Brokamp: I'll build on what you just said and it builds on our previous question. Really one of the big differences between ETFs and traditional open-end mutual funds: ETFs trade throughout the day, so you will see their prices go up and down. Open-end mutual funds like the ones you probably have in your 401(k) are not valued until the end of the day, so when you put in an order to buy or to sell, you actually don't know the price you're going to get until the market closes and it gets settled up at the end of the day.
Gross: That's actually a good point. I think I actually misspoke, because ETFs are based on supply and demand. The price of those move just like stocks.
Brokamp: But what you said was true in that price is reflective of all the underlying securities and there does have to be some calculating going on.
Gross: But what's interesting is sometimes the actual price that an ETF is trading at can diverge from the actual underlying value and there are actually investors that make a living trying to find that divergence.
Brokamp: That small little arbitrage, and that's what keeps the prices, generally. And for the big ETFs, it's almost negligible. For smaller ETFs and more obscure ETFs...I just learned about an ETF that invests in companies that provide pet care. The ticker is PAWS.
Brokamp: I don't know how frequently traded that ETF is.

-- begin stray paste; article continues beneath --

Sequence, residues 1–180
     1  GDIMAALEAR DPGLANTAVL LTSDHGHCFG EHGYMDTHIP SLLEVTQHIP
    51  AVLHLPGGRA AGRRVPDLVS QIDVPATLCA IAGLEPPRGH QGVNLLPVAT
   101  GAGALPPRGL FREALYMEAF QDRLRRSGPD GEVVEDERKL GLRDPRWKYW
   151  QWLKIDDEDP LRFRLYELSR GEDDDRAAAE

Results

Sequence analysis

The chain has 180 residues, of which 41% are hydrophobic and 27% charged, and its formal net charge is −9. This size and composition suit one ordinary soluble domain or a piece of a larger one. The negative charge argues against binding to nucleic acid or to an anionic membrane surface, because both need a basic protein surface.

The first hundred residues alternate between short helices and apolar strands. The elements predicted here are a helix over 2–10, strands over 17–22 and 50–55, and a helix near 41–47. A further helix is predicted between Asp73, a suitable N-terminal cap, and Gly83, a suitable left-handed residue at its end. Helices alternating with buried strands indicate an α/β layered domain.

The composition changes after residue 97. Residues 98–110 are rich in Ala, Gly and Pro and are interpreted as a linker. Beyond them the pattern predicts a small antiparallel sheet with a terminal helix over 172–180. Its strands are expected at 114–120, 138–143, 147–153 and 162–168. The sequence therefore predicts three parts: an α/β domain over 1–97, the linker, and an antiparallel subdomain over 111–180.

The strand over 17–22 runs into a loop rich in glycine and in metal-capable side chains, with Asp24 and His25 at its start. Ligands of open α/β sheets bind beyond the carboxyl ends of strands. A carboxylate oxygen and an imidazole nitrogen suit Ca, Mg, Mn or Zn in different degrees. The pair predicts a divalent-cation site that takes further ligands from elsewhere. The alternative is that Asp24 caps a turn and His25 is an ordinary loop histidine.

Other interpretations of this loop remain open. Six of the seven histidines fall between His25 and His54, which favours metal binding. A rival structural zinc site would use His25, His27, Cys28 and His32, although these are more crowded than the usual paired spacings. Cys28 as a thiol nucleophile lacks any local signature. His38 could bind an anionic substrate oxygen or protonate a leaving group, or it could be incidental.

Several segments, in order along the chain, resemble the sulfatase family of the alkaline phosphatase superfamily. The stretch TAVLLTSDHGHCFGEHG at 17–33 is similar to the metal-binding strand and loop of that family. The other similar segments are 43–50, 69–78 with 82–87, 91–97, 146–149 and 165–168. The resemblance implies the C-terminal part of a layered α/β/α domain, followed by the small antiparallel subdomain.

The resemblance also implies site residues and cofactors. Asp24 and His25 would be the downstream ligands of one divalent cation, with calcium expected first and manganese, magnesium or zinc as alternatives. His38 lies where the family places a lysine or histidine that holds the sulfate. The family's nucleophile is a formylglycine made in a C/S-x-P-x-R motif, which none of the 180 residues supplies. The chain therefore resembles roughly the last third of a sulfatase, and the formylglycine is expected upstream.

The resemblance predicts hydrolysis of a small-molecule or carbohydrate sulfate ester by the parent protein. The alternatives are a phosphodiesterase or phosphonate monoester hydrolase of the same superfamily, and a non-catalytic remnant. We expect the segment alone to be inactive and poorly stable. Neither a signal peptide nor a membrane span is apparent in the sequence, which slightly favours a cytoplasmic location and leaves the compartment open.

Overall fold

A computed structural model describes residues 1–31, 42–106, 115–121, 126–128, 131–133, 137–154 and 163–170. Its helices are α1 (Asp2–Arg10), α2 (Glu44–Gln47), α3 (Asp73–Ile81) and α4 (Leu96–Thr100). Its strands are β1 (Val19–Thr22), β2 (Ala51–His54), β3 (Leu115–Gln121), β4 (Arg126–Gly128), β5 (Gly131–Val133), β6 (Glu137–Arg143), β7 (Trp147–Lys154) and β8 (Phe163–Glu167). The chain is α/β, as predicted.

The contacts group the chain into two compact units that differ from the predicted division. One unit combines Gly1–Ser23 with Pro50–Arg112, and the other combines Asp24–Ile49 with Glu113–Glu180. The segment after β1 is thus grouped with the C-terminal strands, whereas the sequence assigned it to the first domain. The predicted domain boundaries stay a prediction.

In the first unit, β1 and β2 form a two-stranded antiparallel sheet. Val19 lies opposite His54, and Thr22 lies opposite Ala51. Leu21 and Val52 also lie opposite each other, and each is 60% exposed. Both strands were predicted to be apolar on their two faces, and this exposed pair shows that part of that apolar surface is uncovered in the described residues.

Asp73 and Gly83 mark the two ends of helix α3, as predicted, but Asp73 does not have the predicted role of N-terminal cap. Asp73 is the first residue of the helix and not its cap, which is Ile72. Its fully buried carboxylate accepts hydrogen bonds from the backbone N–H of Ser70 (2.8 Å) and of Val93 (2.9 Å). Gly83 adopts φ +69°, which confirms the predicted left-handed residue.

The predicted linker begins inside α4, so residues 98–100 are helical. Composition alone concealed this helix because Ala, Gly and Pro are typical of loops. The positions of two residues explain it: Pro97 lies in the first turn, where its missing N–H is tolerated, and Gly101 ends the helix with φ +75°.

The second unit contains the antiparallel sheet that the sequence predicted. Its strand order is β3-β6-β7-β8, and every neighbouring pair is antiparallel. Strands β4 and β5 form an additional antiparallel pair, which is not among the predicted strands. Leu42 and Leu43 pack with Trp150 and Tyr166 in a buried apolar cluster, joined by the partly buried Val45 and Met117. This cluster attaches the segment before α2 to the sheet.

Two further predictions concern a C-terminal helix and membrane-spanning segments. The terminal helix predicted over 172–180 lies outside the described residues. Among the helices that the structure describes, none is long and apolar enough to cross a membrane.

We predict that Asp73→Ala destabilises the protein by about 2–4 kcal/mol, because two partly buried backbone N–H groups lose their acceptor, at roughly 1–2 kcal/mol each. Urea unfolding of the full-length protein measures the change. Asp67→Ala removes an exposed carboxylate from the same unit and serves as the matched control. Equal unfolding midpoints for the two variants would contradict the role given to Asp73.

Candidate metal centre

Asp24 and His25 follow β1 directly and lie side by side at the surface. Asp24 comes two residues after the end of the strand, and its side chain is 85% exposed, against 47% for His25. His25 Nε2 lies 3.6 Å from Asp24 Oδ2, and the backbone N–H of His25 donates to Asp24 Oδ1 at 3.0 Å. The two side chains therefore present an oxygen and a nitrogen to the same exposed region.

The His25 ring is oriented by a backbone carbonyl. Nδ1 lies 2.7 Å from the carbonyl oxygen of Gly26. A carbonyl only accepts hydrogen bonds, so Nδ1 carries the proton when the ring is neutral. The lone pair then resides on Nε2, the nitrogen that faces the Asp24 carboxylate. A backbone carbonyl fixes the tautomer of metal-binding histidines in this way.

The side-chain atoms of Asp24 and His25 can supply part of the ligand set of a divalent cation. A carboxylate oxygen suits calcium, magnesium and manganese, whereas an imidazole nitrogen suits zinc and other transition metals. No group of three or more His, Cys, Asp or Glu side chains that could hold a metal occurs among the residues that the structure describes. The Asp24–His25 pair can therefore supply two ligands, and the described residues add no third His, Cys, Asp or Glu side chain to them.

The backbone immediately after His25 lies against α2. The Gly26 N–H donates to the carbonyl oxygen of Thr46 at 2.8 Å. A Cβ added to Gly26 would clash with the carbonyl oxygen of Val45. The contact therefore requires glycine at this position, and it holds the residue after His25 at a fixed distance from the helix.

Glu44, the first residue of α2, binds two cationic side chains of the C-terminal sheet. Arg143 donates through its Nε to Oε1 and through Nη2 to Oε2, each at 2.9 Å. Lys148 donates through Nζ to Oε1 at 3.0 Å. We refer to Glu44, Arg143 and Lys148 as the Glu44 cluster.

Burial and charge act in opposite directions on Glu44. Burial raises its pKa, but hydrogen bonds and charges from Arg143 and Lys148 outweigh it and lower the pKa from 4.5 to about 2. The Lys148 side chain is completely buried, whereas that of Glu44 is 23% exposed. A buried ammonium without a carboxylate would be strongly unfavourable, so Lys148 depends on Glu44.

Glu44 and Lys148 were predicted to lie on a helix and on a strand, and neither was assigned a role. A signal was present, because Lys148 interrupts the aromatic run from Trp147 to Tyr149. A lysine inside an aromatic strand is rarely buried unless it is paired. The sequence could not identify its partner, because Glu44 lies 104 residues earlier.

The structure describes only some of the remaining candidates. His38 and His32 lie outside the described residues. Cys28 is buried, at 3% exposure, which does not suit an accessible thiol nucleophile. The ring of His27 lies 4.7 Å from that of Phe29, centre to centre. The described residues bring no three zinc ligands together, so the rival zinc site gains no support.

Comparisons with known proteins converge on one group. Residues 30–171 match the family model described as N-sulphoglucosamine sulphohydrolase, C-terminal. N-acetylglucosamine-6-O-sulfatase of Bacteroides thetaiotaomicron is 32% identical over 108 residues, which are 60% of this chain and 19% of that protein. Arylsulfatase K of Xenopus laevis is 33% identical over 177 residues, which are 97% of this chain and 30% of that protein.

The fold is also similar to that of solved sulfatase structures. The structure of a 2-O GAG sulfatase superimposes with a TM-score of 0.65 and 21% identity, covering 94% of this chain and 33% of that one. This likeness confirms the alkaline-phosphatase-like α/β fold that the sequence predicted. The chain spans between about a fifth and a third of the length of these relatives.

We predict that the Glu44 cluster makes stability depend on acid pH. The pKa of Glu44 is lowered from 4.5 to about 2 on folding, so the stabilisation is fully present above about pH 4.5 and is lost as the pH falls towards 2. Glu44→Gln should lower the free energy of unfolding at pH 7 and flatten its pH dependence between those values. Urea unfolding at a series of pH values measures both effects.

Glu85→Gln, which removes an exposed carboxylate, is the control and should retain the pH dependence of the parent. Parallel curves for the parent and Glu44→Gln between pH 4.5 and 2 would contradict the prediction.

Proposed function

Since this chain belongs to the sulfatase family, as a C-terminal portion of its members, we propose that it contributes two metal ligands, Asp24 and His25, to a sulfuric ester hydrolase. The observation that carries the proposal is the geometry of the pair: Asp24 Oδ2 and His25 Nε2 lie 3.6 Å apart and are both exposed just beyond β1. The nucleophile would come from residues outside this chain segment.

Southwick: I feel for Al, though. When I think the price will remain steady or go up a little, it will go down.
Gross: But that is an interesting point that we didn't address. It's all based on what the market, as a whole, thinks. What institutional traders think. What analysts are putting out there. You might read a headline and say, "Ooh, I think this company is going to have a really good day." Then when you look under the hood a little more, or maybe read the press release, or listen to the transcript, or hear what an analyst has to say, it turns out it wasn't as rosy as maybe the headline indicated and the stock will actually trade down that day whereas you would have guessed it would have traded up.
Southwick: There is some amount, as with anything in life. When you get experienced enough reading financial news and reading how analysts react that you miss as a new investor...like it took me a while to realize a company can have an amazing quarter, but because they didn't beat analysts' expectations, the stock will take a hit. Or maybe they didn't meet analysts' expectations as much as the analysts wanted.
Gross: In the short term, stocks trade on reality vs. expectations. In the longer term, stocks trade based on whether the companies are good or not. So take heart that if you're a long-term buy-and-hold investor it all shakes out in the end; but, on a daily basis, anything can happen.